Of all places that me and my friends visited in Portugal, undoubtedly, Sintra is together with Lisbon the most beautiful. It’s only after you’ve been there that you understand that it is deservedly a UNESCO World Heritage Site. It is one of those places that captivates you and you keep thinking about it long after you’ve left.
Sintra is approximately 30km from Lisbon. The same as Fatima, it’s also possible to do a day trip. That’s exactly what we did. We had a car and it was nice and easy to go there and to come back to Lisbon in one day. Otherwise, there is also a rail link between the two cities and perhaps that may be a better option. If you choose to go by train, you don’t have to worry about where to park your car when you arrive to Sintra.
But, Sintra is not a place that you should visit in one day. In all honesty, it was a mistake that we did, although I don’t think that any of us had imagined that there would be so much to see there. We should have stayed two or perhaps three days, to see everything properly and without rushing. However, we allocated only one day for this visit and in the end we managed to see quite a lot. But, we missed some of the most important historical buildings: Pena National Palace, Quinta da Regaleira and Monserrate Palace.
OUR TOUR OF SINTRA
We certainly did not rush through Sintra. Although, now that I know how much there is there to see, we shouldn’t have taken it so easy. We arrived to Sintra in the early afternoon. The first thing we did was to look for a place for something to eat and to have drinks. But, that was perfectly fine. When you do such tours, it can’t be about walking and visiting touristic sites only. Having a lunch and a short rest is an integral part of the time with friends. That social aspect is very precious because it enables a meaningful interaction. However, that feeling of togetherness almost disappears while visiting historical sites, when everyone is embroiled in their own thoughts and impressions.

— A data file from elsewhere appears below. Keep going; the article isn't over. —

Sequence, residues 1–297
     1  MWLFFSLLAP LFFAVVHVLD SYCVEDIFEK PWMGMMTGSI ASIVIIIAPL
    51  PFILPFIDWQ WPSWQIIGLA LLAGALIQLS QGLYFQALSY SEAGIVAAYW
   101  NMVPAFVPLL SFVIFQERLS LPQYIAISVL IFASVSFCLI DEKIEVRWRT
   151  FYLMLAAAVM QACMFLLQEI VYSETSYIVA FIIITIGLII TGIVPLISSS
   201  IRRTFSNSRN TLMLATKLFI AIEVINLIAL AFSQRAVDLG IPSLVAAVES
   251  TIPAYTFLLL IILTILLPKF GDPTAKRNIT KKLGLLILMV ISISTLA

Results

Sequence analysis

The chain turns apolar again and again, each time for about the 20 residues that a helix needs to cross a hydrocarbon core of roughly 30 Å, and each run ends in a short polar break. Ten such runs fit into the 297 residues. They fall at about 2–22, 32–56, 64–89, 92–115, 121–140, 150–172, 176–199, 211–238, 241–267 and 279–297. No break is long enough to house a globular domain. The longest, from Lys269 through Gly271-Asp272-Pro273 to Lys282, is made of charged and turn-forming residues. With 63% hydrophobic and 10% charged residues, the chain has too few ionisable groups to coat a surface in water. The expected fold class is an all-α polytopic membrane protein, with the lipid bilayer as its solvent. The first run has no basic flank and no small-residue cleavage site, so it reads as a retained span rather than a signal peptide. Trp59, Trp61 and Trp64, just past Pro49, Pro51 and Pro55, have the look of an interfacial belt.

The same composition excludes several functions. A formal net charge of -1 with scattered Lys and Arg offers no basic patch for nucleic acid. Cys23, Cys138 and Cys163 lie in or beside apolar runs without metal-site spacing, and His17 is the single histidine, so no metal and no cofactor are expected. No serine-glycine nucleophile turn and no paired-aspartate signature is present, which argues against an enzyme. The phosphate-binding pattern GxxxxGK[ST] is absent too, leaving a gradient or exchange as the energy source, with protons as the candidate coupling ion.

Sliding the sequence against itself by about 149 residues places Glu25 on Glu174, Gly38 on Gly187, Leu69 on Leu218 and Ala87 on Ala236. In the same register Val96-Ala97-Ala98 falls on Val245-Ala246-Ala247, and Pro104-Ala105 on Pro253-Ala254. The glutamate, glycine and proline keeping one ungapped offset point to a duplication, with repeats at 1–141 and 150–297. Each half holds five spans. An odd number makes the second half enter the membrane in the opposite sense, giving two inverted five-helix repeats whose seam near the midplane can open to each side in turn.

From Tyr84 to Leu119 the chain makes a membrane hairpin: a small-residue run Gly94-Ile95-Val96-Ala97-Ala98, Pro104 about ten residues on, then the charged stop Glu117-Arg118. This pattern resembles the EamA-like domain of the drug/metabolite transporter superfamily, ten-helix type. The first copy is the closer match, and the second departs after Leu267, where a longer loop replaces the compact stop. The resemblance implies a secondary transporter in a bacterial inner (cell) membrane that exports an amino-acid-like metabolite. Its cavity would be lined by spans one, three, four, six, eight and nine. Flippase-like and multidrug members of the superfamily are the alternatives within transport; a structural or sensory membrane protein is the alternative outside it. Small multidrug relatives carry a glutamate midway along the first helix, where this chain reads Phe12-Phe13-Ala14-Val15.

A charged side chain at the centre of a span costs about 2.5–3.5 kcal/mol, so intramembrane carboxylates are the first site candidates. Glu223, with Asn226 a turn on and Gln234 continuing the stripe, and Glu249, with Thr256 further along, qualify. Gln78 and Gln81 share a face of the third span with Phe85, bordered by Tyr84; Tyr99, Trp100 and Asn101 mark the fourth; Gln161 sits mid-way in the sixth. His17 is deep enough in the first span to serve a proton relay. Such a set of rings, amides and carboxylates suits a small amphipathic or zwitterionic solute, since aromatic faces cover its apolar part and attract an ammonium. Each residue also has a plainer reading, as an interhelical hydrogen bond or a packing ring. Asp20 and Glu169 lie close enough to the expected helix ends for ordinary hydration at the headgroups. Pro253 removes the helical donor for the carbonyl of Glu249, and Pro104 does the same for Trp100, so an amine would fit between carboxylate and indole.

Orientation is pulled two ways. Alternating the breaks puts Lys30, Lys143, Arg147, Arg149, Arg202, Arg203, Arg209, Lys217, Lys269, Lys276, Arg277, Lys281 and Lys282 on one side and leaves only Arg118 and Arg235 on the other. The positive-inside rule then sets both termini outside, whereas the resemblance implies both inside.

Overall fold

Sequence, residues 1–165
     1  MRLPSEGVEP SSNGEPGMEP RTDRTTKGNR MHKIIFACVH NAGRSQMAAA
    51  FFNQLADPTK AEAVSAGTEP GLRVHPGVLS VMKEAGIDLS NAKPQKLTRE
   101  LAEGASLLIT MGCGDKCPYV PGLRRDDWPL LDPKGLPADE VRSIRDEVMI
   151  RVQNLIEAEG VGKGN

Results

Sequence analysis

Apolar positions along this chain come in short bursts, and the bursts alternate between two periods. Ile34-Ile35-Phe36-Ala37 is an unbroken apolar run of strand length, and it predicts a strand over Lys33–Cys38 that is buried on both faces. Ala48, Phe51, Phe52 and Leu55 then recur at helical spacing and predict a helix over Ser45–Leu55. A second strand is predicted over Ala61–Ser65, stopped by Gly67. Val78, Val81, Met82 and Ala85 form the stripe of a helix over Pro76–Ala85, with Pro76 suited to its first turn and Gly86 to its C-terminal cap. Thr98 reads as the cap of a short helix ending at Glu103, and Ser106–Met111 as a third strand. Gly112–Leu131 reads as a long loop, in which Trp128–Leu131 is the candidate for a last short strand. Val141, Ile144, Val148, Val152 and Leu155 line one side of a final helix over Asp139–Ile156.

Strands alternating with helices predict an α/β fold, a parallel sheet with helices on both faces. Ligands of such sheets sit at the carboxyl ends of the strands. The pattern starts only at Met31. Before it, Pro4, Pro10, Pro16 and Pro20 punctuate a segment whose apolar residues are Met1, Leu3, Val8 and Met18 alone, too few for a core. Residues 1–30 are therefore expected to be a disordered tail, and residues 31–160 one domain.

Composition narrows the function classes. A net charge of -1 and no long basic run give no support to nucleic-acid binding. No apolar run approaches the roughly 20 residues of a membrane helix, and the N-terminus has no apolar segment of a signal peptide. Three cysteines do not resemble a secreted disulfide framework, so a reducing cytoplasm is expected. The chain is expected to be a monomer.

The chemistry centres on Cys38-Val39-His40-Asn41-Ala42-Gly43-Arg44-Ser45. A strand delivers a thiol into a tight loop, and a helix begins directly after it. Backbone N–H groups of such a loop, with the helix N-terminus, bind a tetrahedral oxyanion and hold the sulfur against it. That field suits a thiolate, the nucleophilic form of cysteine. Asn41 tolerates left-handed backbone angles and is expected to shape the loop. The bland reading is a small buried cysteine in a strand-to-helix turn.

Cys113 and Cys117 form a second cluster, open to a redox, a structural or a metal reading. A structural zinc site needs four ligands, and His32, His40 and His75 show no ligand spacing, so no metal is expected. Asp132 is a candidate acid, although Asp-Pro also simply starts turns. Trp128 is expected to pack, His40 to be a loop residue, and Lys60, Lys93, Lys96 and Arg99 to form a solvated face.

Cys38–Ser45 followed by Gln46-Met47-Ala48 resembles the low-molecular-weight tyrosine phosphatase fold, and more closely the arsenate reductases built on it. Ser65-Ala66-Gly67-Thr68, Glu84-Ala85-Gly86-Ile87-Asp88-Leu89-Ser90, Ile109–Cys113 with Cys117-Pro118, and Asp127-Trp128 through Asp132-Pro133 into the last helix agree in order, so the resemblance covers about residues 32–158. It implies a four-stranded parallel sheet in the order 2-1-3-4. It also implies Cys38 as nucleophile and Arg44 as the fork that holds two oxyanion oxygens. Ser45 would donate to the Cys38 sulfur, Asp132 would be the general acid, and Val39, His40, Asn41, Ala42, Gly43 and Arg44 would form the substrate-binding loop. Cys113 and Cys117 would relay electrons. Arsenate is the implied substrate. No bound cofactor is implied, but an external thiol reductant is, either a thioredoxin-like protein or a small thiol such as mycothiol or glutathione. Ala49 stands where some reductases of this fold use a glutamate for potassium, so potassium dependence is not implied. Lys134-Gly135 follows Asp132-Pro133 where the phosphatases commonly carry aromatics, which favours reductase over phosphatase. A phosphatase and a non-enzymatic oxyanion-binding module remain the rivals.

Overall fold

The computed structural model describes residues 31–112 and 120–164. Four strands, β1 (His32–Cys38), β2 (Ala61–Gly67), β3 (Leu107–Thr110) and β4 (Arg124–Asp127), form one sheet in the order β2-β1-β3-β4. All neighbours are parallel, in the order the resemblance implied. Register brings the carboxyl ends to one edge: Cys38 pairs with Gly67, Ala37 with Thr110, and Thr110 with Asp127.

We had a very good lunch in a small Restaurante Tirol. I have to add, it was extra pleasant because it was a very hot day, so sitting in the shadow under the big parasol for an hour or so was most enjoyable.
Although we arrived by car, we also started our tour of the city from a side where the train station is. Sintra is not a compact place, rather it’s scattered around a big park and to see everything, you have to walk a lot. We didn’t know that, several times I had to stop to figure out where to go next.
There are many beautiful houses and villas along the road. As an example, I took photos of some of them and I could’ve photographed nearly all of them, although that’s practically impossible and not necessary.
SINTRA TOWN HALL
We arrived to the Sintra Town Hall (Câmara Municipal de Sintra). Constructed in 1910, it’s a beautiful Neo-Gothic building. Its architectural style, perhaps a bit unusual for the time of its construction, is perfectly appropriate for the city. It stands out as one of the major landmark buildings in the city. It’s strange to think that it’s government offices inside of what you would more appropriately imagine to be a museum or some other precious historical building.
We continued our tour along Volta do Duche, a curvy road around the Liberty Park (Park Liberdade). I would say that this was where we spent most of our time. The reason – there were numerous little stalls along the road, with people selling trinkets to tourists. Although I did not have any intention of buying anything, it was nevertheless interesting to stop and look at everything on offer. I’ve learnt a long time ago to resist temptation and to limit myself to observing only. Most of the time in the past, whenever I bought something that at the time seemed like a very good buy, it ended up collecting dust and it was of not much practical use. Additionally, when you are in a group and everyone stops to look at something that they consider particularly interesting, it takes a lot of time to go through all of it.